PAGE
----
A massive wind-fueled fire tore apart three buildings in the Western Addition near Alamo Square on Thursday, leaving some 60 people without homes just days before Christmas.
The scorching blaze began about 11:53 a.m. and quickly gained steam due to gusting winds, according to the Fire Department. Wind speeds recorded at San Francisco International Airport were between 17 and 23 mph at the time, the National Weather Service said. Nearly half of The City’s on-duty fire staff was called to the scene.
The fire broke out in the rear of 1502 Golden Gate Ave., a three-story wooden Victorian building, and spread to an apartment complex and a small single-family home on Elm Street, burning for three hours. An adjacent school sustained minor smoke damage, but it was vacant due to the winter break.
Fire Chief Joanne Hayes-White said roughly 150 firefighters were needed to battle the five-alarm blaze. She said Thursday’s windy conditions and the attached buildings made it difficult to fight the fire.
“It’s a stubborn fire,” Hayes-White said. “It’s very active flames.”
The cause of the blaze was unknown as of Thursday night.
Hayes-White said flames quickly reached the roof of the Victorian, which was built around 1900. It’s unknown on which floor the fire originated.
As many as 60 people were estimated to be displaced from 32 apartments, flats and homes in the three buildings, fire officials said. Three people were treated for injuries, including one firefighter for smoke inhalation and another for minor burns to the back of his neck, according to Hayes-White.
A nearby nursing home was evacuated of more than 100 residents because of potential dangers from breathing in smoke, Hayes-White said.
The extent of the overall damage was not immediately assessed, Hayes-White said, because fire crews could not enter any of the buildings.
The fire produced towering flames that shot high into the air, and smoke billowed out of all three buildings for several hours. Plumes of smoke could be seen and smelled miles away. The blaze was contained just after 3 p.m.
It was the largest blaze San Francisco firefighters have had to combat since 2005, when more than 60 people were displaced at 3330 16th St.
Hayes-White said when firefighters first arrived on scene they took an aggressive approach to contain the flames, but the intensity of the wind, flames and heat forced a different tactic.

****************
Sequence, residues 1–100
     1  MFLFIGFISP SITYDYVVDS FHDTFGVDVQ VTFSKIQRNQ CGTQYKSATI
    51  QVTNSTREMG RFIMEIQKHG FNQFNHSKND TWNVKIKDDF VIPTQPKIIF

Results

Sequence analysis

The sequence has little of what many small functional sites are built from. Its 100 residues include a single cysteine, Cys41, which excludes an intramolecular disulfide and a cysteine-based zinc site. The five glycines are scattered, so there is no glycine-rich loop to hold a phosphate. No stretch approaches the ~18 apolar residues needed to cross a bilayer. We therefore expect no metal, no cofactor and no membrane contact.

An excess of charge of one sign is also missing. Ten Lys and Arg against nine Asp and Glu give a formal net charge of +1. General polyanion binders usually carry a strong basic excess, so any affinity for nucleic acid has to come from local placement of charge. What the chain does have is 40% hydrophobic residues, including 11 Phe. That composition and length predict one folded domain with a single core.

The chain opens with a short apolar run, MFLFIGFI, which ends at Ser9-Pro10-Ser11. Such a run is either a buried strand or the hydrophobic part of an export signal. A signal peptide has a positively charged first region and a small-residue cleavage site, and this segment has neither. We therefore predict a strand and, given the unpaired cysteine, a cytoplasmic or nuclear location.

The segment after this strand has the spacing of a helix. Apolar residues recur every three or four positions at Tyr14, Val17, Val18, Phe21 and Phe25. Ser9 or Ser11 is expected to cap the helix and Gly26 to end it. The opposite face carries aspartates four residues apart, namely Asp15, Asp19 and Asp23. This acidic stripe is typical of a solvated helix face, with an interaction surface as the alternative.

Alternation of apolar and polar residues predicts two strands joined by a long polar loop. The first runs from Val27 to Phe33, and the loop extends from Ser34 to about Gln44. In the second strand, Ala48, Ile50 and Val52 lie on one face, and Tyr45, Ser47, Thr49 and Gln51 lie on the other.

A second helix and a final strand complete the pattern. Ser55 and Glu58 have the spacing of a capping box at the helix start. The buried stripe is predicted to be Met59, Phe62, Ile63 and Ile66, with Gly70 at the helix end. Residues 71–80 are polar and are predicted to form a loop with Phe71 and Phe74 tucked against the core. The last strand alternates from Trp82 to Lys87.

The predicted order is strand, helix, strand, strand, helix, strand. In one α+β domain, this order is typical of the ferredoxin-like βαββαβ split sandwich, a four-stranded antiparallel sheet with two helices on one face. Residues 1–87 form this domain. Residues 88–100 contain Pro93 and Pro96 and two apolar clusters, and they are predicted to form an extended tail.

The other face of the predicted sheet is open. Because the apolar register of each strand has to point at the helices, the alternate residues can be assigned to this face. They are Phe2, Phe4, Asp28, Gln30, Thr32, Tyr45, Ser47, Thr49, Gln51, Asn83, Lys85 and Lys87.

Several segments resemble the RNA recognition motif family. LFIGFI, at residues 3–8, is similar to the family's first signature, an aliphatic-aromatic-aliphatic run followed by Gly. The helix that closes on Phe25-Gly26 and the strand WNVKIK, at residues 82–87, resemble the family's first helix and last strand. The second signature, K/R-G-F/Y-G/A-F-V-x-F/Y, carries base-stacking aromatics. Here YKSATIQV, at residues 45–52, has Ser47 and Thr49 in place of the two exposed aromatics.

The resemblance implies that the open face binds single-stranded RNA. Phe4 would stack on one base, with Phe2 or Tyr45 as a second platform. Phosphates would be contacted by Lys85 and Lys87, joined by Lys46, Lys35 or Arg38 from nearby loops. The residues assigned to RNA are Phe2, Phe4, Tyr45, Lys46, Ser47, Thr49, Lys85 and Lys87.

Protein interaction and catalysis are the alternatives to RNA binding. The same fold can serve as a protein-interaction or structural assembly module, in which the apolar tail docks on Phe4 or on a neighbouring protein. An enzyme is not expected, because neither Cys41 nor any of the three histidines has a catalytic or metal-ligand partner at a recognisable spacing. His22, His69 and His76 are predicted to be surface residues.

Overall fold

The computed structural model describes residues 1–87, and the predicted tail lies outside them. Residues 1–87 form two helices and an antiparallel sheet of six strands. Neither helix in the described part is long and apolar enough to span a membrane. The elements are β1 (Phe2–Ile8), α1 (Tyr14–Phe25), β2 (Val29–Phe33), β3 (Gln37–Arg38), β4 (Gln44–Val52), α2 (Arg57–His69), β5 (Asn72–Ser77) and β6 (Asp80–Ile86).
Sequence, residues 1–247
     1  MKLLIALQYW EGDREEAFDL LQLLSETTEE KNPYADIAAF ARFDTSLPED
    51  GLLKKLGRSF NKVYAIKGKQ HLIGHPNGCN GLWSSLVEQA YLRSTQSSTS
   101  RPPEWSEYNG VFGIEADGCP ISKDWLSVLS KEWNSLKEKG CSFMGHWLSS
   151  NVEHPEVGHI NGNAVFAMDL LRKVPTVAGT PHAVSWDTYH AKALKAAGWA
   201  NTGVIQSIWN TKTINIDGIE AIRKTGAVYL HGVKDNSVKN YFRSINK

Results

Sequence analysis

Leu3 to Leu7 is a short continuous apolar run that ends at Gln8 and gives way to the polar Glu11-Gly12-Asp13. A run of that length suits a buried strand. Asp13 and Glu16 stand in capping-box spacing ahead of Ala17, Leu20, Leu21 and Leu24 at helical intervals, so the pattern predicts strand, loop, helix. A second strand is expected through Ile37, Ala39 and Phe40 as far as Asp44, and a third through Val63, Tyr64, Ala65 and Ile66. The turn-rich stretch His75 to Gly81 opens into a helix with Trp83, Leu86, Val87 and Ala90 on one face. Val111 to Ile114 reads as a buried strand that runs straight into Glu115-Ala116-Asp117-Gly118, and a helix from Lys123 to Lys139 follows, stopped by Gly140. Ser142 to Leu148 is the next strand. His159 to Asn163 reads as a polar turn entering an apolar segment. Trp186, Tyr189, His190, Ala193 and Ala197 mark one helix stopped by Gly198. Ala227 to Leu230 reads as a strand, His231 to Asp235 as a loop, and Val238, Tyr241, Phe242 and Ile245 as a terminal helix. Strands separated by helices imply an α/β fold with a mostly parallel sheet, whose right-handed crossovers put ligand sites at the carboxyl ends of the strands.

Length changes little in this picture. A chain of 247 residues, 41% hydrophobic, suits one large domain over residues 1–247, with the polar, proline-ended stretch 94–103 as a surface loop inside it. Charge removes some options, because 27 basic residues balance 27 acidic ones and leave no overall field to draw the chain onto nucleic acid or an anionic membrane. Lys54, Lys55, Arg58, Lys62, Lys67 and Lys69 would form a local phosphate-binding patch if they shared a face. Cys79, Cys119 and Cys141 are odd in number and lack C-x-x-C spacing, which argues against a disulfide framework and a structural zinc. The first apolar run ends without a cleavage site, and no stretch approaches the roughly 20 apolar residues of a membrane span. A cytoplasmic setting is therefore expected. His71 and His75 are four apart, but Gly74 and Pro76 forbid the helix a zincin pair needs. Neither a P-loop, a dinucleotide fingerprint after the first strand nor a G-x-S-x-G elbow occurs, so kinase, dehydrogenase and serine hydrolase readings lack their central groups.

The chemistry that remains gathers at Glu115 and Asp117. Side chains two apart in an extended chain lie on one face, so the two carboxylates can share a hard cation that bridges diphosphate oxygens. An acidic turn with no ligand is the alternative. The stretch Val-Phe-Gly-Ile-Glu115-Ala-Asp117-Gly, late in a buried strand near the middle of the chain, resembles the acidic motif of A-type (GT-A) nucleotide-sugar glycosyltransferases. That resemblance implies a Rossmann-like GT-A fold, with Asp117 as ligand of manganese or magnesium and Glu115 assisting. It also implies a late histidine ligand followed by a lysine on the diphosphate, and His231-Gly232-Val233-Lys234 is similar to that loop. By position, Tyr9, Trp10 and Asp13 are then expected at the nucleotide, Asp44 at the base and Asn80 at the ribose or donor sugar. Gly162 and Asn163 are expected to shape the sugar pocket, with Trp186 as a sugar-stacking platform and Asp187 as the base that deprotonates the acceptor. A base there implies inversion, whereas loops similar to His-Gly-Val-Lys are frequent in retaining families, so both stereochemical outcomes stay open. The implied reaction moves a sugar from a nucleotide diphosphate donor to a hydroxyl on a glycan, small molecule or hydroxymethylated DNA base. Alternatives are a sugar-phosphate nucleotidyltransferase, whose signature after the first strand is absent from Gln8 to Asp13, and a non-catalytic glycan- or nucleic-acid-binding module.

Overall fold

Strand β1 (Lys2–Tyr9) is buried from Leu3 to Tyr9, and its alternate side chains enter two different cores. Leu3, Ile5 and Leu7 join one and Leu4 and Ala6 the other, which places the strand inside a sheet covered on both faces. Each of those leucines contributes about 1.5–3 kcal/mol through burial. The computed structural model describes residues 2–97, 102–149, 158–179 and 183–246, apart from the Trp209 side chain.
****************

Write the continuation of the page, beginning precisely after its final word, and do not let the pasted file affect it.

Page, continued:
Firefighters were called away from the blaze more than an hour after it began. They then started battling it defensively, spraying water from all angles, including from the ground and several ladder trucks.
Dozens of residents gathered at a temporary shelter nearby that was set up by the Red Cross to assist displaced families. One person, who declined to be identified, held himself up by a truck in shock of what happened.
The man was cleaning his home in the Victorian building when the fire alarm at the school went off. He said he thought nothing of it until a neighbor came by to warn him of the danger.
“It was total panic mode,” he said of when the neighbor came to his door. “I don’t know what happened.”
Supervisor Ross Mirkarimi was at the scene of the fire to assess the situation and give condolences to the victims.
“It’s gut-wrenching,” he said. “We’re setting up and doing what we can to help them deal with the consequences.”
Mayor Ed Lee said The City would do all it can to help the victims.
“There’s considerable damage,” he said. “We’re trying to locate temporary shelters. It’s so close to the holidays, not everyone will have an alternate place to go. We will help them in every way we can.”
By Amy Crawford
SF Examiner Staff Writer
Sarah Gordon was baking Christmas cookies for her family when she heard her building’s fire alarm go off.
“I had just gotten the oven pre-heated,” she said. “I walked out the door to see what it was and I saw the flames.”
With no time to spare, Gordon grabbed one of her two cats — the other had disappeared under the bed — and ran outside.
“The windows were already breaking and everyone was screaming to get out,” she said.